Martin Landau helps sell this dichotomy, as does the rest of the cast, who try to make all of this half-baked nonsense work. Mike Connors is likeable and sincere, but has zero chemistry with Caroline McWilliams. I do kinda wanna see a Bewitched-like spin-off series with Diana Canova and James Stephens, where her psychic abilities at predicting impending disasters leads to all kinds of misadventures. And I even wouldn’t mind seeing Perry Lang and Mare Winningham’s characters in their own coming of age telefilm. I guess, the parts are passable, the machine they make does not work. And, of course, one mystery remains unresolved: just what in the hell was that enthusiastic extra in the black t-shirt trying to pull off back there?!?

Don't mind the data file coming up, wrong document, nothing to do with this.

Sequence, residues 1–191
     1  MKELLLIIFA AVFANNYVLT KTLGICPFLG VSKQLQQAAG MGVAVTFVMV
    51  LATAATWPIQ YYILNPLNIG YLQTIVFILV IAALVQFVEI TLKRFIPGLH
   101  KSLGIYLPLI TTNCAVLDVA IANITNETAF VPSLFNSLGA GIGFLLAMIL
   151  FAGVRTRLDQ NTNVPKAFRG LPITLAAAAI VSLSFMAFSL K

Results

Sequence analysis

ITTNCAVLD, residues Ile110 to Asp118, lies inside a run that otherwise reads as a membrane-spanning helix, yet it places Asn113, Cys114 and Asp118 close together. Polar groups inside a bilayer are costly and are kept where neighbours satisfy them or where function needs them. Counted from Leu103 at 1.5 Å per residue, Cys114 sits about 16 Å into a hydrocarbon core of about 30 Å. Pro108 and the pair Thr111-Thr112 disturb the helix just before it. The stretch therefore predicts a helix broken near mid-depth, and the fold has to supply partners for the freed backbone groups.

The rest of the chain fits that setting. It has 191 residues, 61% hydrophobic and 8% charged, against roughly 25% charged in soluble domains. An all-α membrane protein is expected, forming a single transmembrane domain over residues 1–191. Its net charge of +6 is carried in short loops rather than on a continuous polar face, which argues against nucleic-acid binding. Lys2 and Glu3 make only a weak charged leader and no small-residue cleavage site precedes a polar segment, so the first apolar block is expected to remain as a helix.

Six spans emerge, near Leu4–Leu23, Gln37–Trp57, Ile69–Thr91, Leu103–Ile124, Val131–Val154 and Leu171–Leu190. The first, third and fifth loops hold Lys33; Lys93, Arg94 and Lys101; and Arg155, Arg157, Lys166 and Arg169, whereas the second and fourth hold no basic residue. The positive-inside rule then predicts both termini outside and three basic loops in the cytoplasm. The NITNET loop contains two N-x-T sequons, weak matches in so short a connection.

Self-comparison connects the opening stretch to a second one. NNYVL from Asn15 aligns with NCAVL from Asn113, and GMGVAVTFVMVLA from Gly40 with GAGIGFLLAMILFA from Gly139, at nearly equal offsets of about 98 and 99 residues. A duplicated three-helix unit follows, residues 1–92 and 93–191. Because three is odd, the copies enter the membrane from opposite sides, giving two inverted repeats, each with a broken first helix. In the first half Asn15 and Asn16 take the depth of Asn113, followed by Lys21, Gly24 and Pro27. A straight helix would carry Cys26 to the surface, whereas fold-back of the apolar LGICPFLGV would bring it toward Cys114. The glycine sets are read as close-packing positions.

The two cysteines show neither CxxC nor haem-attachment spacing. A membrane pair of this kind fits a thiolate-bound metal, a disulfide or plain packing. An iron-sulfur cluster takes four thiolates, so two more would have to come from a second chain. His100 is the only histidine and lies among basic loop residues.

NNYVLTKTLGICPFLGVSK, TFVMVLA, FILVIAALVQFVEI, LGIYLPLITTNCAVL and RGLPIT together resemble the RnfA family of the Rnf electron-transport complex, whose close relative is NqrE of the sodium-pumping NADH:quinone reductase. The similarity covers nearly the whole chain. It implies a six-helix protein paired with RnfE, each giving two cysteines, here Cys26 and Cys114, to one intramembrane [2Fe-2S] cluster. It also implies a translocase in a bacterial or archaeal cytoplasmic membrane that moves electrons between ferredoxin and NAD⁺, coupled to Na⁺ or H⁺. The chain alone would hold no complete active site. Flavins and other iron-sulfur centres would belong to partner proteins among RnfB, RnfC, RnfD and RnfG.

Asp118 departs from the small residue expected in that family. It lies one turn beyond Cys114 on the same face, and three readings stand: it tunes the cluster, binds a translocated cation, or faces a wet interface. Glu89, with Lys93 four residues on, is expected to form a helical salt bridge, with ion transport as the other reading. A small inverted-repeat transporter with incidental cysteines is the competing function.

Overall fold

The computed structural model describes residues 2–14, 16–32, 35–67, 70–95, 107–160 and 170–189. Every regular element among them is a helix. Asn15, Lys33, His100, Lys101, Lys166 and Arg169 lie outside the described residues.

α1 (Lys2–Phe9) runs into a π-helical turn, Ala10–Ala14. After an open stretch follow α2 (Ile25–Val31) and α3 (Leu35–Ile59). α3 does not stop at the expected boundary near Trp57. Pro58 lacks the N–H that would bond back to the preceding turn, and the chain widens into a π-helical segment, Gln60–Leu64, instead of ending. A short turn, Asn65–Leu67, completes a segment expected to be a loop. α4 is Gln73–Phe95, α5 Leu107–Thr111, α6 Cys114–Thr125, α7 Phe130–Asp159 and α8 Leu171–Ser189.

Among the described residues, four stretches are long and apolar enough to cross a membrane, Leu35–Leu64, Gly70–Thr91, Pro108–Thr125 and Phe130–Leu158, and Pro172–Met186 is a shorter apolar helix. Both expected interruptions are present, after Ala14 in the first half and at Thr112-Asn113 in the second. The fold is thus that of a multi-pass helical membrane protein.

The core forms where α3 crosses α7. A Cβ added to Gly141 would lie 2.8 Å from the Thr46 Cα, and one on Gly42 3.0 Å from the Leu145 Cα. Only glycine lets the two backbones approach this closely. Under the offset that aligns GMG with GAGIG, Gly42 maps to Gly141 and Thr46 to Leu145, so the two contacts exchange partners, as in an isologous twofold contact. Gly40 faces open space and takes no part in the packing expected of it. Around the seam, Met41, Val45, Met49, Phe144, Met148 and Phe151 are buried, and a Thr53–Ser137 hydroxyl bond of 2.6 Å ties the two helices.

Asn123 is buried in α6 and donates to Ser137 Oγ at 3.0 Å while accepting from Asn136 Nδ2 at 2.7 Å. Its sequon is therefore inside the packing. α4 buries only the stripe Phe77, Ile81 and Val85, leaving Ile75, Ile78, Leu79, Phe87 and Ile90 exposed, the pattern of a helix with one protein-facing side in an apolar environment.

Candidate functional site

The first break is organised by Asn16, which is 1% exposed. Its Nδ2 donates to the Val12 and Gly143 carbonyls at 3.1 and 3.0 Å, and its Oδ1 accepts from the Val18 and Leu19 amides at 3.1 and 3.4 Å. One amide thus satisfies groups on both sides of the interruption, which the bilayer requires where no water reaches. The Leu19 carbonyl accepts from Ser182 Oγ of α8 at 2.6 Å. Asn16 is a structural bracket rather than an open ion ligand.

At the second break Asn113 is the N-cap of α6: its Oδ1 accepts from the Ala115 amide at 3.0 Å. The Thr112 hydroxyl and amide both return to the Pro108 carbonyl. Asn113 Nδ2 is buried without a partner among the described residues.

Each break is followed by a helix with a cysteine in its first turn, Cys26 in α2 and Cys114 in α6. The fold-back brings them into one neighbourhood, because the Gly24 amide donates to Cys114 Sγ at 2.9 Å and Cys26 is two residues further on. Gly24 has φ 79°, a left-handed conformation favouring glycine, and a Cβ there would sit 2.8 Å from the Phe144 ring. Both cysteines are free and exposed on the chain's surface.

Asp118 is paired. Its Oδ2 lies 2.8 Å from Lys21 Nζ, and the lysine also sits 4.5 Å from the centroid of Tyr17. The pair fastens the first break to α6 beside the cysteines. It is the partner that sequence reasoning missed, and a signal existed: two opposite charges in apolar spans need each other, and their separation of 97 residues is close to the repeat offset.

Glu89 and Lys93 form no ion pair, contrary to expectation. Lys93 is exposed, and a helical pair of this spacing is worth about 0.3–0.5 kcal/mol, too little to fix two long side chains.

Thus and so, The Death of Ocean View Park not only fails at being a disaster movie but it’s also a complete waste of time as a supernatural horror movie because, in the end, none of it matters and it’s all written off with a shrug and a pat happy ending. Well, at least until all those pending lawsuits start flying.

Well, if you don't know what Hubrisween is by now, Boils and Ghouls, I don't think I can help you. Anyhoo, that's FOUR films down with 22 yet to go. Up next, Self Aware Horror before Self Aware Horror was cool. 

The Death of Ocean View Park (1979) Furia/Oringer Productions :: Playboy Productions :: American Broadcasting Company (ABC) / P: John Furia. Barry Oringer / CP: Michael Trikilis / D: E.W. Swackhamer / W: John Furia. Barry Oringer / C: Travers Hill / E: Leon Carrere / M: Fred Werner / S: Mike Connors, Martin Landau, Diana Canova, James Stephens, Caroline McWilliams, Perry Lang, Mare Winningham, Mel Stewart